Color me as incapable of doing the math on a boondoggle idea. Yes, I know. Everyone with an Apple axe to grind, and a membership card with the elite technorati politburo knows Microsoft’s Surface Studio is a big hit and Apple’s new MacBook Pro models are not.
I cry foul. Or, is it fowl? I forget. Regardless, Microsoft’s Surface Studio and new Surface Book are mostly expensive boondoggles (definition coming soon; look for it at a paragraph near you). A waste of time because the PC industry is going down while the world is moving toward mobile and that’s exactly where Microsoft is not.
Do. The. Math.
I have some issues with the math being used by the nattering nabobs of negativism caucus of the elite technorati politburo. If not the math, then maybe the calculations being used to define success. Amazon’s Echo is a success after selling a few million units. Apple’s Watch is a failure after selling 15 or 20-million units. What gives with the new math, folks.
Likewise, Microsoft’s new Surface Studio with the giant 28-inch drop down touchscreen is hailed as an example of non-Apple innovation, while the MacBook Pro’s Touch Bar is a gimmick. Except that Apple likely will sell 100 times as many new MacBook Pro models this year as Microsoft will sell Surface Studios.
How is that possible? First, notebooks sell far more than desktops of any kind. Second, the PC industry is in a steady decline that is not likely to change despite touchscreens everywhere. Third, Microsoft seems more enamored with selling branded PC’s into an industry segment where sales are going down, not up.
Do the math, folks. This Surface Studio is underpowered by iMac standards, and that makes it overpriced. Except for that giant touchscreen which chiropractors and doctors who treat tendinitis absolutely love.
Jack Schofield, who follows such things, thinks the Surface Studio’s average price might be south of $3,500. Tech rags which track such things say Microsoft has ordered 30,000 Surface Studio units for Q1 2017, and at full retail, that comes up to about $100-million for the quarter. Maybe $400-million for the year if it’s a big hit.
1. work or activity that is wasteful or pointless but gives the appearance of having value.
“writing off the cold fusion phenomenon as a boondoggle best buried in literature”
a public project of questionable merit that typically involves political patronage and graft.
“they each drew $600,000 in the final months of the great boondoggle”
verb: boondoggle; 3rd person present: boondoggles; past tense: boondoggled; past participle: boondoggled; gerund or present participle: boondoggling
1. waste money or time on unnecessary or questionable projects.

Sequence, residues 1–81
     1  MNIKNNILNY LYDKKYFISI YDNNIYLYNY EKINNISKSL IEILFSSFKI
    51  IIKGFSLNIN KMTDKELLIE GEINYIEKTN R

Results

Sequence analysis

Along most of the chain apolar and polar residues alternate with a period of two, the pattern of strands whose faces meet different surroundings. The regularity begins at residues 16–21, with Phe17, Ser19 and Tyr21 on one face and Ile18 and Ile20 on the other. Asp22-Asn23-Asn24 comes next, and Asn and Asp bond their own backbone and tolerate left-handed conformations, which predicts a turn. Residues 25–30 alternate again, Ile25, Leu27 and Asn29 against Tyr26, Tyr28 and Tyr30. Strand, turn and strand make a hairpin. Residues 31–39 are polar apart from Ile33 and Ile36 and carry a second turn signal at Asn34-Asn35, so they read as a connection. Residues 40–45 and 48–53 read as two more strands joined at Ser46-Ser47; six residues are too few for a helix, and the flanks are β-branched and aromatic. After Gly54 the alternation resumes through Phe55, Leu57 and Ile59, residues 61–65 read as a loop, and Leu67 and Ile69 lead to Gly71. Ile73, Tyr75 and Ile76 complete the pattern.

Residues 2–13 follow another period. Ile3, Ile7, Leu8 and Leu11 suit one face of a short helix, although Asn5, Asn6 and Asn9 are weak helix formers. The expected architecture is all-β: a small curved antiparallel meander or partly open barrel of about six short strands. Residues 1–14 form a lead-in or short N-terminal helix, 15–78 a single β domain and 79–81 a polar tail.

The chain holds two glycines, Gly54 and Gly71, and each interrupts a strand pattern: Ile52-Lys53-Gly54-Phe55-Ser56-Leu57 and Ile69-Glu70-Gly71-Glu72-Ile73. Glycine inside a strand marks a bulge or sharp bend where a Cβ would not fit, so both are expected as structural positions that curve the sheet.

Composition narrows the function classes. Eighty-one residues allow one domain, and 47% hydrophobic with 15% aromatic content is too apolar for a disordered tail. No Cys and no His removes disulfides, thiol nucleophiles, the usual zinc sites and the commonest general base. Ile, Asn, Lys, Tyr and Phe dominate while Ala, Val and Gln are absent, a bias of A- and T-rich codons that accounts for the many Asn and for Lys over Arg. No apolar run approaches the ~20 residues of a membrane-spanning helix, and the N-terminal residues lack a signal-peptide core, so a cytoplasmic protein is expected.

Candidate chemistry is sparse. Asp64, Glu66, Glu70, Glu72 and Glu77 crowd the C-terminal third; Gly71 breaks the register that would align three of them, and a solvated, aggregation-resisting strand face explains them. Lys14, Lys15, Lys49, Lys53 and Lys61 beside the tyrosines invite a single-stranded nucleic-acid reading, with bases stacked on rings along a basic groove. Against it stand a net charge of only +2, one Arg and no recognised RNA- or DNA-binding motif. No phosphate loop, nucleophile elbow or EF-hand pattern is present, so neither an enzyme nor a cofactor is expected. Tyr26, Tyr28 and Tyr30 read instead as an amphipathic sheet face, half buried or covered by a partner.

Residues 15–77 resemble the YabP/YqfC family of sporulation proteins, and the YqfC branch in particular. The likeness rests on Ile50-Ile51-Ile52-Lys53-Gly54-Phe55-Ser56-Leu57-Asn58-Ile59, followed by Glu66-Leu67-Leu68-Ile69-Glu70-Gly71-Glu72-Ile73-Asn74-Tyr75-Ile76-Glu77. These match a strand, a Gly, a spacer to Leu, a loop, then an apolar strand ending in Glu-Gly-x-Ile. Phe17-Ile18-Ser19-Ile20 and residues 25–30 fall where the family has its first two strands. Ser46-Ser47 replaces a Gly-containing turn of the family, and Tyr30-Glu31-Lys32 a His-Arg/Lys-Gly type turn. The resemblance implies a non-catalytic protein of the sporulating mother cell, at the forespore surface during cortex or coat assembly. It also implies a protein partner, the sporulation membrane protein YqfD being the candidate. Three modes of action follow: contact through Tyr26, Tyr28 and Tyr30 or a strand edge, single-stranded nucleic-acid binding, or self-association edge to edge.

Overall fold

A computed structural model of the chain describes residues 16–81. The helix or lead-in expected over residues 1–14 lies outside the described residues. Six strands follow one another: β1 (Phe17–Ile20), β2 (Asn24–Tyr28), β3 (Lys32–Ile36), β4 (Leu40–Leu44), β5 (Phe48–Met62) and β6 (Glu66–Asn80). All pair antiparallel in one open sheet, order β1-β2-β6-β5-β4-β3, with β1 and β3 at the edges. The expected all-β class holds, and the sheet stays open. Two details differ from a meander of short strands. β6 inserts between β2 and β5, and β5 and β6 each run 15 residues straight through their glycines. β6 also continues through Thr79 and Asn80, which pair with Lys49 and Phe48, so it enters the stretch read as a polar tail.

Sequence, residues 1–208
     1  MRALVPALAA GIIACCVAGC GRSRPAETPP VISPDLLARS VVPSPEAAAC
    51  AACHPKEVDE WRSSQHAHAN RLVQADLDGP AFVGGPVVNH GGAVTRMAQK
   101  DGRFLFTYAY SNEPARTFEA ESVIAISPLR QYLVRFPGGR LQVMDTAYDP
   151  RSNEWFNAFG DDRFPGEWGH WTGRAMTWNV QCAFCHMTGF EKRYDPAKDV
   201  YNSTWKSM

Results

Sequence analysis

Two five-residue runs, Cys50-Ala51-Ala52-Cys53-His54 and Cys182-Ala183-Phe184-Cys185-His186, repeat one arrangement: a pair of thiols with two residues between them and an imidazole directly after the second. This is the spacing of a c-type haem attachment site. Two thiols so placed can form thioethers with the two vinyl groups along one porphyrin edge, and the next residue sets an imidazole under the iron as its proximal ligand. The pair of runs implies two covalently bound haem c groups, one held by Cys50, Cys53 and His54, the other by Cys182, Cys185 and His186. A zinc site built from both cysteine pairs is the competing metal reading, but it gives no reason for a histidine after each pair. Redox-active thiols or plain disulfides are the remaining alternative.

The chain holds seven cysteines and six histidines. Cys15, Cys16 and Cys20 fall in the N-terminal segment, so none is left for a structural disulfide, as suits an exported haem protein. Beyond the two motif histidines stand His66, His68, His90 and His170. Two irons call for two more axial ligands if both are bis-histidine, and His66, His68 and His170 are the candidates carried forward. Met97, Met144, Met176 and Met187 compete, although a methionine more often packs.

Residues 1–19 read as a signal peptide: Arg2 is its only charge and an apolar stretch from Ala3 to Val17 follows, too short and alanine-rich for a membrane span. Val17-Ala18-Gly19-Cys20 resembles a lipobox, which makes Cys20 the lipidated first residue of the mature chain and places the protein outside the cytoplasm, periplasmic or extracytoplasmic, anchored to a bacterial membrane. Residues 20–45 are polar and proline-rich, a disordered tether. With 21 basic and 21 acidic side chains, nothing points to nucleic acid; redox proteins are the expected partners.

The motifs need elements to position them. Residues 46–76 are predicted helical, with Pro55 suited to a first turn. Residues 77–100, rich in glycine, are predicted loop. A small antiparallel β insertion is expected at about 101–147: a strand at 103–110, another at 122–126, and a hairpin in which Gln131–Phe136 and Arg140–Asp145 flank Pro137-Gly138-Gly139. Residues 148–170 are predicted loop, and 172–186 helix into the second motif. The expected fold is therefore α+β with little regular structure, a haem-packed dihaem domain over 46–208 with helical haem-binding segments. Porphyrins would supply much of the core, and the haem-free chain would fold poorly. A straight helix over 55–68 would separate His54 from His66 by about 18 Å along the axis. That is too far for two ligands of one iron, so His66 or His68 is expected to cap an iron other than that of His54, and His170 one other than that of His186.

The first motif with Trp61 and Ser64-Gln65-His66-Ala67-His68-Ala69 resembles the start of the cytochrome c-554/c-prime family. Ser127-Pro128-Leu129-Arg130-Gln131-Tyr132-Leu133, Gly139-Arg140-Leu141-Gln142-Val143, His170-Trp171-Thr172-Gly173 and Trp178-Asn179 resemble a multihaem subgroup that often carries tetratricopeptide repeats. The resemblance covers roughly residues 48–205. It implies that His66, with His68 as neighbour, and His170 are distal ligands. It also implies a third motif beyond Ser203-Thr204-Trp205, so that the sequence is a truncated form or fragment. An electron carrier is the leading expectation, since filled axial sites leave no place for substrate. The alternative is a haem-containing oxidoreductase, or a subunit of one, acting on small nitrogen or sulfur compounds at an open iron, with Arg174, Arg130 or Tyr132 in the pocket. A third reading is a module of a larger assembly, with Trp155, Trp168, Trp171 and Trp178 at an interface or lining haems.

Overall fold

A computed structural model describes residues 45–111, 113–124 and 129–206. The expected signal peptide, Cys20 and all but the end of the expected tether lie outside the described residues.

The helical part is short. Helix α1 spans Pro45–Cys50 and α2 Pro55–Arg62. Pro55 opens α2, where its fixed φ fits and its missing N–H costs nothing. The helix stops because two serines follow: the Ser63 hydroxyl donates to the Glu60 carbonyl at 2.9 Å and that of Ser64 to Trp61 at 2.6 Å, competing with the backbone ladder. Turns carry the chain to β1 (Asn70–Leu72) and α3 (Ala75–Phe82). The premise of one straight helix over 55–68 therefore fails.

Apple Watch was considered a boondoggle, too. Apple probably sold– based on conservative guesstimates for 2016, estimates, and frothing from the Guesstimator’s Club of America— perhaps 8-million units at an average of $350 each. Folks, that’s a revenue run rate approaching $2.8-billion, and does not include Apple’s awesome accessories sales.
MacBook Pro vs. Book
Let’s do a little more calculating to see if that Microsoft boondoggle has legs. I think it does. Compare a new MacBook Pro with a new Surface Book. The former has been roundly criticized as anemic, weak, sad, and a lackadaisical upgrade to a once proud line of Macs. The latter is the professional level notebook that Windows PCs digital rag technologists think is the cat’s meow. Or, is it pajamas? I get those two mixed up.
A Surface Book with 1TB SSD storage, an Intel Inside dual-Core i7, a 13.5-inch touchscreen display, Windows 10 Pro, 16GB RAM, and a dGPU weighs in at $3,199. Microsoft calls it the ‘ultimate laptop.’ It’s on sale often so that might explain the current sales situation.
A new MacBook Pro with 1TB SSD storage, an Intel Inside quad-core i7, a 15-inch display, Touch Bar, Touch ID, macOS Sierra, 16GB RAM, and 2GB GPU weighs in at $3,399 from Apple. $200 more than list for a Surface Book, though the MacBook Pro shows up on sale at times, too.
Summary? $200 more gets you a MacBook Pro with more powerful CPU, more powerful graphics, a larger screen, an option to run Windows and most flavors of Linux or Unix at the same time, but no touchscreen. There are pluses and minuses across the board for both machine and their protractors and supporters, but the reality is this: they are high end, similarly sized, professional units with plenty of power, but only one will sell in big enough numbers to announce to the world.
Methinks the boondoggle crown belongs to Microsoft. Apple may take plenty of public heat because critics, and the never ending haters gonna hate, but it’s far more likely the MacBook Pro will have far more happy customers than Microsoft.